WVU has running backs to spare

Noel Devine has left West Virginia, but the Mountaineers are arguably in a better place at running back headed into this season.

True freshmen Andrew Buie, Dustin Garrison and Vernard Roberts have turned heads throughout fall training camp. They, along with sophomore Trey Johnson, have been locked in such a heated competition that coach Dana Holgorsen has been mum about who will start and how he will rotate his players in the opener Sunday against Marshall.

Holgorsen says all four, along with three bigger fullbacks will play – giving West Virginia seven players they want to get into the game. But who is going to emerge from a group that has so much talent?

“I hope they’re talented,” Holgorsen joked earlier this week. “It’s hard to get seven of them the ball … three will be bigger fullback-type of guys. We can use those guys in a variety of ways from fullback to tight end to wing guys to try to create some leverage and create some gaps where we can get the ball down the field. Whichever one of those skill guys get the hot hand is what we'll try to go with.”

Roberts enrolled in school early and was in for spring, so he had a bit of an advantage over Buie and Garrison. But Buie and Garrison quickly caught up and have been the talk of preseason practice. None of the three is particularly big. Roberts is 5-foot-9, 184 pounds; Buie is 5-9, 191 pounds and Garrison is 5-8, 164 pounds.

But they are all different. Roberts has been praised for having good vision and being able to play low to the ground. Holgorsen has said Buie is “probably the quickest twitch guy, great first step.” As for Garrison, he can make people miss at the point of attack. “Kendall Hunter last year was the best I've seen at that,” Holgorsen said. “I’m not comparing Dustin to Kendall Hunter. I'm just saying it doesn't have to be blocked to get yards.”

The transition from high school to college football has been a bit tough for Roberts, Buie and Garrison, especially since all three are competing against each other for playing time. Garrison said when they first met each other, there was not much conversation.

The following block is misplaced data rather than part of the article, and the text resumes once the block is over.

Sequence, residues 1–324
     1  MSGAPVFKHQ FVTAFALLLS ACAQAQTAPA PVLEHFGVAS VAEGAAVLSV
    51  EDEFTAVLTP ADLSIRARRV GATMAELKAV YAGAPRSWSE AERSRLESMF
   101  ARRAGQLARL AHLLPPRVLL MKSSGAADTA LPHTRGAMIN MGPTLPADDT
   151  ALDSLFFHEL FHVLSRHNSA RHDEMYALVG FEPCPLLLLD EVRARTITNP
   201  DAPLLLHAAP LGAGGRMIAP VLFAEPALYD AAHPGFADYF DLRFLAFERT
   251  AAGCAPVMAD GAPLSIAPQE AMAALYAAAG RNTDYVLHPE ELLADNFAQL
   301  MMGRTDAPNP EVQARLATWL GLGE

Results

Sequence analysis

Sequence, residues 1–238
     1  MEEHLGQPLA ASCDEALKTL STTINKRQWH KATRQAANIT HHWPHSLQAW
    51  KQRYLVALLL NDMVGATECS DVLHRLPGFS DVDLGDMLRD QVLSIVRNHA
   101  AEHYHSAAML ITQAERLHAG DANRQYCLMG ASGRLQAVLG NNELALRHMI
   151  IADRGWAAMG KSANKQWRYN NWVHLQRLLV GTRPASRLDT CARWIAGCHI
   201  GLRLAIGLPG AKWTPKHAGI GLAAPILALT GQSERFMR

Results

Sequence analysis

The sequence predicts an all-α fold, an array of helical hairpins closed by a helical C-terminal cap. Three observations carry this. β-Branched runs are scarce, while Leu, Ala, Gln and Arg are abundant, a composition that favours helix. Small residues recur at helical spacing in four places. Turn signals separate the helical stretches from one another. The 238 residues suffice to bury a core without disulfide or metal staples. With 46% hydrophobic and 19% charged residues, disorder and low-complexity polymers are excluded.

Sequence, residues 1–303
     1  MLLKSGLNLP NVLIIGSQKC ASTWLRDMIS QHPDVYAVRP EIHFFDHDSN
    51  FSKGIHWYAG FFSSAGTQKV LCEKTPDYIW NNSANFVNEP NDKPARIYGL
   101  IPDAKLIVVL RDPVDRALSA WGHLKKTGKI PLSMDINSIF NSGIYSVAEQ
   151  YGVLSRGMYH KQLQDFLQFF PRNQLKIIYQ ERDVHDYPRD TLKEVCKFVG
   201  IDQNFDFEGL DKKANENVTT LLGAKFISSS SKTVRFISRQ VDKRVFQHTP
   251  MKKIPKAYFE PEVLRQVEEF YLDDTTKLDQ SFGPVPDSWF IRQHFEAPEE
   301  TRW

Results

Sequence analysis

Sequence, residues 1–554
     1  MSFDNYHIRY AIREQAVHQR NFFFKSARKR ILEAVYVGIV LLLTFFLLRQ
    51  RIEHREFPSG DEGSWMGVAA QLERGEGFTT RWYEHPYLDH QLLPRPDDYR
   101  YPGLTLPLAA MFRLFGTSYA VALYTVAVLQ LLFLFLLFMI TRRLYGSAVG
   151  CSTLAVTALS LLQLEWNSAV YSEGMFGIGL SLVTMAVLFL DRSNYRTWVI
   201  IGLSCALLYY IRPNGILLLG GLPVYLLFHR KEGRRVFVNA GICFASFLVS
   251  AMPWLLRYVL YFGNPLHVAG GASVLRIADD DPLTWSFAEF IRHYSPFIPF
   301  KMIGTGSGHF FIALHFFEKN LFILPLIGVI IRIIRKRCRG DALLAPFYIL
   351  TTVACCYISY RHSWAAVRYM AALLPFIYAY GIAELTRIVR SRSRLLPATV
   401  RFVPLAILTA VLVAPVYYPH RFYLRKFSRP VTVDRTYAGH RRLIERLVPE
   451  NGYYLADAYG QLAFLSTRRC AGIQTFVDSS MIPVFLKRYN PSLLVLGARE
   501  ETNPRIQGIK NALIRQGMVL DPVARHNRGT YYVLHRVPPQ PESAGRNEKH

But now, they have loosened up and get along well.

“At first it was strictly competition,” Garrison said in a phone interview. “We just wanted to go out there and prove to coach we have what it takes to get the job done. After a while, we started lightening up and got to know each other a little bit more. That's helped us out a lot, being able to talk to each other. It’s more like a brotherhood. Me, Vernard, and Buie are like best friends pretty much.”

What brought all three to Morgantown was the opportunity to start right away with Devine gone. Buie spoke for himself and Garrison when he said, “Since I was a kid, it was always something I talked about, playing right away when the opportunity presented itself. I’m glad it actually happened.”

Many people know that the Holgorsen offense is built around the quarterbacks and receivers. But there is plenty for the running back to do. For example, Hunter rushed for 1,548 yards and 16 touchdowns last season at Oklahoma State. West Virginia has had its share of prolific backs in a spread-type system under Rich Rodriguez as well. Devine left the school as the leader in all-purpose yards with 5,761.

Aside from running the ball, the backs are going to be expected to block for Geno Smith and catch passes out of the backfield.

“Anybody can run the ball,” Garrison said. “But it's going to be those backs that can protect Geno and catch the ball in the open, those are going to be the guys who can play.”